An effective sales compensation plan will strongly motivate and incentivize your salespeople to help your organization achieve their short-term and long-term business goals while improving and maintaining a profitable margin.
According to the Harvard Business Review, 85% of US companies have a sales incentive plan in place. However, less than 9% believe their compensation strategies are driving optimal sales performance and business results.
That means more than 90% of companies nationwide are wasting billions of dollars on their sales forces and failing to hit their business objectives.
So, how do you develop and execute a winning sales compensation plan that will align top sales talent with your goals?
The foundation of the sales compensation plan will be dependent on several factors, such as assembling a planning team, prioritizing what your business is trying to achieve, defining the roles and responsibilities of your salespeople, and accounting for selling approach and sales cycle.
A sales compensation strategy cannot be executed alone. Instead, recruit key players across your entire organization to help bring your plan into fruition.
Build your team with at least one director, vice president, senior manager or representative from your sales, marketing, finance, and HR departments.
Also, make sure that your legal team is aware of the changes to come so that they can review your plan in a timely fashion.
You keep hearing to align your compensation plan with your business objectives. But what exactly are they?
This is a perfect time to reevaluate what matters to your company as a whole.
Less than 9% of US companies believe their compensation strategies are driving optimal sales performance and business results.
With your planning team, ask yourselves the following questions:
There are no “right” or “wrong” answers here.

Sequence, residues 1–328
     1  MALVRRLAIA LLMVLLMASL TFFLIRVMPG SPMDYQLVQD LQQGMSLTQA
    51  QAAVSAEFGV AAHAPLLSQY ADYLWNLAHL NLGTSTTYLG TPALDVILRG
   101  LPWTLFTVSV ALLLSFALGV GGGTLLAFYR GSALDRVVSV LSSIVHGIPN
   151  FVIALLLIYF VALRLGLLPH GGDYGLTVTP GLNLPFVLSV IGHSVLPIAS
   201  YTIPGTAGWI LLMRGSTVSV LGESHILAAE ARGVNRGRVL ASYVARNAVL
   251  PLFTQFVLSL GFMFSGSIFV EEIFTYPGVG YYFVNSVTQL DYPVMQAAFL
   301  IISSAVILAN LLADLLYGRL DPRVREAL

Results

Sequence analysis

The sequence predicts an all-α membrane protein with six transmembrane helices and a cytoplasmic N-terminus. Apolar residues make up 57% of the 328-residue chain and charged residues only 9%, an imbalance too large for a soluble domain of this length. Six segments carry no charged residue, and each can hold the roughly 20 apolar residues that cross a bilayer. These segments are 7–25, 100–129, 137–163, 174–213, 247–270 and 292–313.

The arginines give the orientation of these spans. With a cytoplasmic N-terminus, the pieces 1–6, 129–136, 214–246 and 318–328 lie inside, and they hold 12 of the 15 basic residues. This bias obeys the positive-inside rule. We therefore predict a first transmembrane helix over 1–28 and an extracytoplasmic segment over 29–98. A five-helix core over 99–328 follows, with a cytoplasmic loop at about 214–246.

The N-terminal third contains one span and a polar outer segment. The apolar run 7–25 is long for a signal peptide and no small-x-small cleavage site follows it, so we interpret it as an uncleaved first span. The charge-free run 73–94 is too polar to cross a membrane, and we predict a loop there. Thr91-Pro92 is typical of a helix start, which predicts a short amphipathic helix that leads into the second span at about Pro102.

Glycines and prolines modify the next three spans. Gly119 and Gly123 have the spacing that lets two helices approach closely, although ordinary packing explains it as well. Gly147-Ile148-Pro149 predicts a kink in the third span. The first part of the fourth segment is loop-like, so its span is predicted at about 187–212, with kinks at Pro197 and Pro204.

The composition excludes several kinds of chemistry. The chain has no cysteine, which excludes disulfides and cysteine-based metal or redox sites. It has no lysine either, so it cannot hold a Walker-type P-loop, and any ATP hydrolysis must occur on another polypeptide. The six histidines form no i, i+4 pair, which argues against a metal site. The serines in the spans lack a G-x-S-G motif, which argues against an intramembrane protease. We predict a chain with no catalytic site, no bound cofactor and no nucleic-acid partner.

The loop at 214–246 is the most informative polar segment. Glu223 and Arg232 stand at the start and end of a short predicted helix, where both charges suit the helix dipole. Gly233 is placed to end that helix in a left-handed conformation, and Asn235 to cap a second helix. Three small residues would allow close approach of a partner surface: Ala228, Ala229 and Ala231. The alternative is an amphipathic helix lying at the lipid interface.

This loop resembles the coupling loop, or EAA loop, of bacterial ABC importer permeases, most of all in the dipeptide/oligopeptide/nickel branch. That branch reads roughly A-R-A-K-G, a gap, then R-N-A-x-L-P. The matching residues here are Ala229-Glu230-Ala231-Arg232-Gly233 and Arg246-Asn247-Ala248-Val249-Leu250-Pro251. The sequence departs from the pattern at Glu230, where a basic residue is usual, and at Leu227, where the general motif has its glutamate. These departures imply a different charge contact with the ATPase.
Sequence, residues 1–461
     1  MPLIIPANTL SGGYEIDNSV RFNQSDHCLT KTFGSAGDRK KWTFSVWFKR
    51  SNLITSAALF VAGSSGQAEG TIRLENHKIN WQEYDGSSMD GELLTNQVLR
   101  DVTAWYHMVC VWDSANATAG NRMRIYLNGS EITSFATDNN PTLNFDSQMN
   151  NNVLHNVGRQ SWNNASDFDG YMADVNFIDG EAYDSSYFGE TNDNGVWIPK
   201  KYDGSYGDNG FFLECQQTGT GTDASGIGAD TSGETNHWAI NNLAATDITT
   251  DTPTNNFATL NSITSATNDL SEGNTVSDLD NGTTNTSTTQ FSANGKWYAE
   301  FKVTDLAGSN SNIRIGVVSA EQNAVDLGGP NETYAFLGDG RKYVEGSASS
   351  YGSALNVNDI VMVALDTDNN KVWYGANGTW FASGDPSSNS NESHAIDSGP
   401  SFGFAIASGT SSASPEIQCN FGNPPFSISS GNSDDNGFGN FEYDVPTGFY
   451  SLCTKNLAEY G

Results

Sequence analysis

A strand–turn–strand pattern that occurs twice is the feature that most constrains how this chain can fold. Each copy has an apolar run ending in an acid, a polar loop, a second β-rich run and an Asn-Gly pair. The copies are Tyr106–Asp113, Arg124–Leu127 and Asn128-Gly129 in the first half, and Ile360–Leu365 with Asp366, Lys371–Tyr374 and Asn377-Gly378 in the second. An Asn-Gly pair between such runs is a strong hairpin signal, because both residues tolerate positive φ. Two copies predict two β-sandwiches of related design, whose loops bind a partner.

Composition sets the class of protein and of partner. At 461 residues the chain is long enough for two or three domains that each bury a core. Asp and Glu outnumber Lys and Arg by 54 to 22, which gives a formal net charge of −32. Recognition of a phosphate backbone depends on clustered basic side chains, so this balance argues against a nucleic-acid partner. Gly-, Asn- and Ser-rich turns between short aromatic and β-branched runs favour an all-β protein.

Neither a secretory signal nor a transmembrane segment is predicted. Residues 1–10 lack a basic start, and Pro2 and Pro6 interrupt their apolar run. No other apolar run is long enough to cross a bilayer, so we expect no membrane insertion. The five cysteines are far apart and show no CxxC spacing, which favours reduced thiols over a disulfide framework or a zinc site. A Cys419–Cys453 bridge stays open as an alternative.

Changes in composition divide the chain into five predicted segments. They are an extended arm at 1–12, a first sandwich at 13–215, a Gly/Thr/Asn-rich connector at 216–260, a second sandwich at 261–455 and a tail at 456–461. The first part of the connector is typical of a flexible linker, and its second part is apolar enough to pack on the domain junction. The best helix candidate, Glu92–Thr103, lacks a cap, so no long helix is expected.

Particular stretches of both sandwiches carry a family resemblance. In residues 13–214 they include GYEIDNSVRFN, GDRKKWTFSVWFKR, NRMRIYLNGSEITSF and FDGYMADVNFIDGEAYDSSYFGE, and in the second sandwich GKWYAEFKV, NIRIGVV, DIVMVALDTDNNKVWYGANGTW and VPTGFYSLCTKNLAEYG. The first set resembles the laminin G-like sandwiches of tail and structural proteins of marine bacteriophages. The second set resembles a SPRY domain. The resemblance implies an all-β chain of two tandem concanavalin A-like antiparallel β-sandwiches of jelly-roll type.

However, your planning team should focus only on 2-3 concise goals at a time. Otherwise, it will be more difficult to align the rest of your organization with these objectives.
Some other goals to consider include acquiring specific customers, cutting expenses, and driving sales for a given product or service.
Some products and services sell themselves. Other times, customers need some level of guidance or assistance in order to complete a purchase.
Money drives behavior. So, if a salesperson is playing a strong role in your sales process, then you should recognize that with a competitive mix of base salary and commission.
The opposite also holds true. If the sales process is more collaborative and requires more heads to finalize a purchase, then lower the commission rate.
One exercise is to create a sales positions chart, where each role is identified. Look back at job applications and descriptions to help match hiring criteria (knowledge, skill sets, years of experience, etc.) with appropriate pay.
You may even need to create junior and senior roles in order to adjust for new hires and promotions.
Richard Branson famously said, “Clients do not come first. Employees come first. If you take care of your employees, they will take care of the clients.”
A competitive employee benefits package will do just that – offer perks that are important to your candidates and employees.
Start by creating a master list of the benefits your company offers. Show every fully subsidized benefit they get from joining your team.
Here is a list of popular employee benefits you should consider offering:
Aggressiveness is another important factor to account for when creating your sales compensation plan.
We’re not talking about who has the shortest fuse, but rather who’s more willing to ask the hard questions and bounce back from failure.
Salespeople with strong D-personalities are more inclined to welcome failure due to their tenacious nature to hit the goals they’ve set for themselves.
If you’re looking for salespeople to generate and close new leads, then offer a higher commission. If you opt for low outreach and upselling existing accounts, consider a more conservative pay.
Make sure to account for the sales cycle and types of products or services being sold, too. Will your sales team need to sell once or multiple times a year? Should people who sell newer products be rewarded higher than those who sell older products?
Remember, there are no “right” or “wrong” sales compensations plans.
They each have their pros and cons. What matters is which plan is going to incentivize your sales team and help your company realize their business goals.
Salary only is the most straightforward compensation plan: salespeople have a fixed annual income with no commissions or bonuses.
It offers stability. It’s probably favorable by the finance department because it is the easiest to manage. But it also the least common plan put into practice.